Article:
I do not know of a way to do that natively in Infoblox (others may know for sure). You can however use any method to assign via the API so perhaps a Python script that does that logic for you would be your best option. The other structural problem with doing this sort of method is are you ignoring matching logic. Remember, IPv6 addresses are in HEX so building regular expressions to match addresses might not work consistently because teams that look at the schema might not realize that you are using HEX or not. Food for thought.

Re: Join us on January 10th for an IPv6 "Ask Me Anything" with a Panel of Experts!

SHogg
Techie
Posts: 59
10331     6

PSiemsen, regarding your question about mapping IPv6 addresses to IPv4 addresses.

 

It is a best practice to match the operational model for what you are doing for IPv4 to what you will do with IPv6.  If you are using DHCP for dynamic address assignment for IPv4 hosts, then it makes sense to use DHCPv6 for your IPv6 nodes.  If you are statically assigning IPv4 addresses to servers, then you can follow that same practice and statically assign IPv6 addresses to servers.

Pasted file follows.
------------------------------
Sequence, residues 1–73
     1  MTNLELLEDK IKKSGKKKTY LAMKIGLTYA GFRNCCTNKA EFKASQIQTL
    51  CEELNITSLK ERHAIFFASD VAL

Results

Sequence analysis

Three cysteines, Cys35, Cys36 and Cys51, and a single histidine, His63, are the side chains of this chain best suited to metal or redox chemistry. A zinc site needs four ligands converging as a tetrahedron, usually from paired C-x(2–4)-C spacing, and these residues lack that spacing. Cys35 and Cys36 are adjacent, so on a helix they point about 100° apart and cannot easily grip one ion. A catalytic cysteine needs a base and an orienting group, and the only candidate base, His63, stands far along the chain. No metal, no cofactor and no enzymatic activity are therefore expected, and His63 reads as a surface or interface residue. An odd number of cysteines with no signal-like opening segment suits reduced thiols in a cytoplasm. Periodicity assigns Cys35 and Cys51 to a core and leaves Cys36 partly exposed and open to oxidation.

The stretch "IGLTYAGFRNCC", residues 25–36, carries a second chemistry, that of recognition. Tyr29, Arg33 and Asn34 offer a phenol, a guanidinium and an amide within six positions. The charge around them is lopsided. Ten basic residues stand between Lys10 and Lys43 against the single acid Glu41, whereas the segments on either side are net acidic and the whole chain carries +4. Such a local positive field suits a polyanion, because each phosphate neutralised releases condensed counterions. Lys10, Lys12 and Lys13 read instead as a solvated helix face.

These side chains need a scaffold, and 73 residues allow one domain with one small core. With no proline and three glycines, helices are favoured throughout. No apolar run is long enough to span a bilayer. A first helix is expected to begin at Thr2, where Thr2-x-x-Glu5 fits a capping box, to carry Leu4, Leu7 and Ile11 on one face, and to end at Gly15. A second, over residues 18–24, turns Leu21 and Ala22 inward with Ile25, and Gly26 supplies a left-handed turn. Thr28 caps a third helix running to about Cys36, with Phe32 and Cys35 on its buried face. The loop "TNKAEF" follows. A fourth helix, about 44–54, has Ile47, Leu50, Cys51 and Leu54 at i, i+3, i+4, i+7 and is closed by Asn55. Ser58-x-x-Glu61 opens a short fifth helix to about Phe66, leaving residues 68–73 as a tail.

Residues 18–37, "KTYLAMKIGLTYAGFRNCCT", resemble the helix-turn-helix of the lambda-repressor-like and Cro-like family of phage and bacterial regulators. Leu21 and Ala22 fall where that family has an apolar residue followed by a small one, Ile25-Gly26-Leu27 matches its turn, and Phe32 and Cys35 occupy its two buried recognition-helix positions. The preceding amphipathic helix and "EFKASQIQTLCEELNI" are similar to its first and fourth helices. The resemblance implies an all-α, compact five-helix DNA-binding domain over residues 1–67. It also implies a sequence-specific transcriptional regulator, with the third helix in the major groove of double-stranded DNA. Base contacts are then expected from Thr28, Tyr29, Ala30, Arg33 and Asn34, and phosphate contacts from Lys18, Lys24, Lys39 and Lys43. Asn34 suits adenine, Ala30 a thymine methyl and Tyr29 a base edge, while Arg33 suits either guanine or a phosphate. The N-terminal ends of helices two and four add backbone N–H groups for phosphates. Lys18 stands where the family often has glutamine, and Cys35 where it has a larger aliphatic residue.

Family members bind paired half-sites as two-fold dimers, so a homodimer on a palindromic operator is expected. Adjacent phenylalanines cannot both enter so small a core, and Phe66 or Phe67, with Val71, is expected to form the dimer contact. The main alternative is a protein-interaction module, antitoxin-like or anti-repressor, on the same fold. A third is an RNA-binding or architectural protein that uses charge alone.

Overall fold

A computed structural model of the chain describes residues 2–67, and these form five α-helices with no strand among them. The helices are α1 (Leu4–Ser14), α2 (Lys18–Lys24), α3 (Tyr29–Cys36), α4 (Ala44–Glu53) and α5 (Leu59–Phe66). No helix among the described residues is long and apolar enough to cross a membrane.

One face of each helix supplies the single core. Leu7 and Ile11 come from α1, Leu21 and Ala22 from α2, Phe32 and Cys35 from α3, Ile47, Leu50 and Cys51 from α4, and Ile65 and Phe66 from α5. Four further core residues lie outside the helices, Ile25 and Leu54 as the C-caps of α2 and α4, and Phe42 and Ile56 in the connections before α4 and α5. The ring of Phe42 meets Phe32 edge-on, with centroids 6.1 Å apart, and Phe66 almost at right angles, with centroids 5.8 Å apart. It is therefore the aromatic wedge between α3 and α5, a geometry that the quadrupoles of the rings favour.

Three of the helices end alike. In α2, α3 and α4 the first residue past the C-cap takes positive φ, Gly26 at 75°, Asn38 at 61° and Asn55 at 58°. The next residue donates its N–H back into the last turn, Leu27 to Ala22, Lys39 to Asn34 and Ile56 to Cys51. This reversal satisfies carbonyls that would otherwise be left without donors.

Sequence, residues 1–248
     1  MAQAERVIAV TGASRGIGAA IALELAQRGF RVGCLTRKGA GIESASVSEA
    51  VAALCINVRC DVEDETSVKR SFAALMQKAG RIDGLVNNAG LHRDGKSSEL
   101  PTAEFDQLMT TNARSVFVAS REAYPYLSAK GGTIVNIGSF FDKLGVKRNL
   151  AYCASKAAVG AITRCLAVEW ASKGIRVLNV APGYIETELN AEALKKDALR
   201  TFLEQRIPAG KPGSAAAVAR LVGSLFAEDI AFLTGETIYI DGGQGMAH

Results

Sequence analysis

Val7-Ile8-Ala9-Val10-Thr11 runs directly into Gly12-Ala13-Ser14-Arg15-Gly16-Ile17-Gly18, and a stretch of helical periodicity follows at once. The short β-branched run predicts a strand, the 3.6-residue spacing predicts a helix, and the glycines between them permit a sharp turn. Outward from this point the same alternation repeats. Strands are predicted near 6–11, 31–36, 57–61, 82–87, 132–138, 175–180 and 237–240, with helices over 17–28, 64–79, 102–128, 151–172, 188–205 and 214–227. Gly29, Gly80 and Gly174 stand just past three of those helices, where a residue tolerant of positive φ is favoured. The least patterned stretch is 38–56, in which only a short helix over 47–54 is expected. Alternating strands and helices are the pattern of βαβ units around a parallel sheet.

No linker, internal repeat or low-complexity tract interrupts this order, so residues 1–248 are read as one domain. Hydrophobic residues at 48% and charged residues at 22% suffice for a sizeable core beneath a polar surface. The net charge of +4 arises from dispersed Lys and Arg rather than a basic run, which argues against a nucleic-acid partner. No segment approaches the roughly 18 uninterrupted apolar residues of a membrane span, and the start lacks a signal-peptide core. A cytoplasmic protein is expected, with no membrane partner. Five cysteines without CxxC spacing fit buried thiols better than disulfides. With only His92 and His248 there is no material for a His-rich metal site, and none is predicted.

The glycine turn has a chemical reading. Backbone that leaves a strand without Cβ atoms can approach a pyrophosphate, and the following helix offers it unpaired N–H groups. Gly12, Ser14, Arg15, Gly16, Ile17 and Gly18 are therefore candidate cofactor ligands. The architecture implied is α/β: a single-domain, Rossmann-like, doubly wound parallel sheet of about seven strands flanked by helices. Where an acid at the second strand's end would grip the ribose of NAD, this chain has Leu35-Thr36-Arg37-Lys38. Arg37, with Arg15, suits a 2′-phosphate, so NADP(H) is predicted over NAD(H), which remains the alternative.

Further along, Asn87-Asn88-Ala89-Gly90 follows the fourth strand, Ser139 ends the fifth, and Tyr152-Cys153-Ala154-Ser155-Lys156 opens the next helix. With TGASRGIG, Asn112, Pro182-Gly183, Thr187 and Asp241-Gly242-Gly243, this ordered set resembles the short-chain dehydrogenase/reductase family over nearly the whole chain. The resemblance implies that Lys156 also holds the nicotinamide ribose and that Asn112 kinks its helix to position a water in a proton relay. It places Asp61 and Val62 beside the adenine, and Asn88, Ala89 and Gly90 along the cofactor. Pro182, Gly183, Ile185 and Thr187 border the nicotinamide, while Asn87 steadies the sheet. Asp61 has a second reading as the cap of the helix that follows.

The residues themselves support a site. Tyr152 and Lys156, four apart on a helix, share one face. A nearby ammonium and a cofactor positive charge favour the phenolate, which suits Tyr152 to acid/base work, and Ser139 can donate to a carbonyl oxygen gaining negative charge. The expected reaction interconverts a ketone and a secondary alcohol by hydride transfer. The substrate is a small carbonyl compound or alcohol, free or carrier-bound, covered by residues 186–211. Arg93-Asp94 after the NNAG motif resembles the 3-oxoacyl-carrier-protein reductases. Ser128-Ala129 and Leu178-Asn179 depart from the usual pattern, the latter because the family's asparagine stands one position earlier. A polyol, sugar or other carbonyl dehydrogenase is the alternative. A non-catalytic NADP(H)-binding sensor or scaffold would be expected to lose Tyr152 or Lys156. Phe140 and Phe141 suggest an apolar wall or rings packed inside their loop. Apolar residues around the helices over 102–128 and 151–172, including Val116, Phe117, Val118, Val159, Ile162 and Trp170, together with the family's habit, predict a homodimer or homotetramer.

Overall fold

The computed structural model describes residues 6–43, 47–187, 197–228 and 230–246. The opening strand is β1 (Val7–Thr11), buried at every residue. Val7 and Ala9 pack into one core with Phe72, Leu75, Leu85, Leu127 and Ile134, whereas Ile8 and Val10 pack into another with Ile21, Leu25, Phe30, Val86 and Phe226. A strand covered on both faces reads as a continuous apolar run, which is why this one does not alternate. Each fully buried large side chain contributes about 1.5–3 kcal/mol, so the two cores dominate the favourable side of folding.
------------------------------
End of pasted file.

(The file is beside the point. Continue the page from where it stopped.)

I would caution anyone from trying to use some artificial method to tie the two address families together.  This is problematic because it is difficult to represent a decimal number like a VLAN # or an IPv4 quad-dotted-decimal address within an IPv6 address.

 

This is a lot of administrative overhead for not a significant administrative benefit.  If your VLAN # or your static IPv4 address change, then your static IPv6 address needs to change too.

 

Even if you could automate the creation of the IPv6 Interface Identifier through programmatic means, it may not be worth the hassles.

Re: Join us on January 10th for an IPv6 "Ask Me Anything" with a Panel of Experts!

Prakash_Nagpal Community Manager
Community Manager
Posts: 15
10331     6

Hello DEvans: You just start typing your questions on the community site. Cricket, Ed, Scott and Tom are answering questions as they are pouring in. 


DEvans wrote:


Am I overlooking the link to join?


 

Re: Join us on January 10th for an IPv6 "Ask Me Anything" with a Panel of Experts!

Cricket_Liu Employee
Employee
Posts: 138
10331     6

roy_hoover wrote:

How do I create a host record for both an IPv4 and v6 address for the same name? I get an error like this. "Duplicate object in list: www.example.com"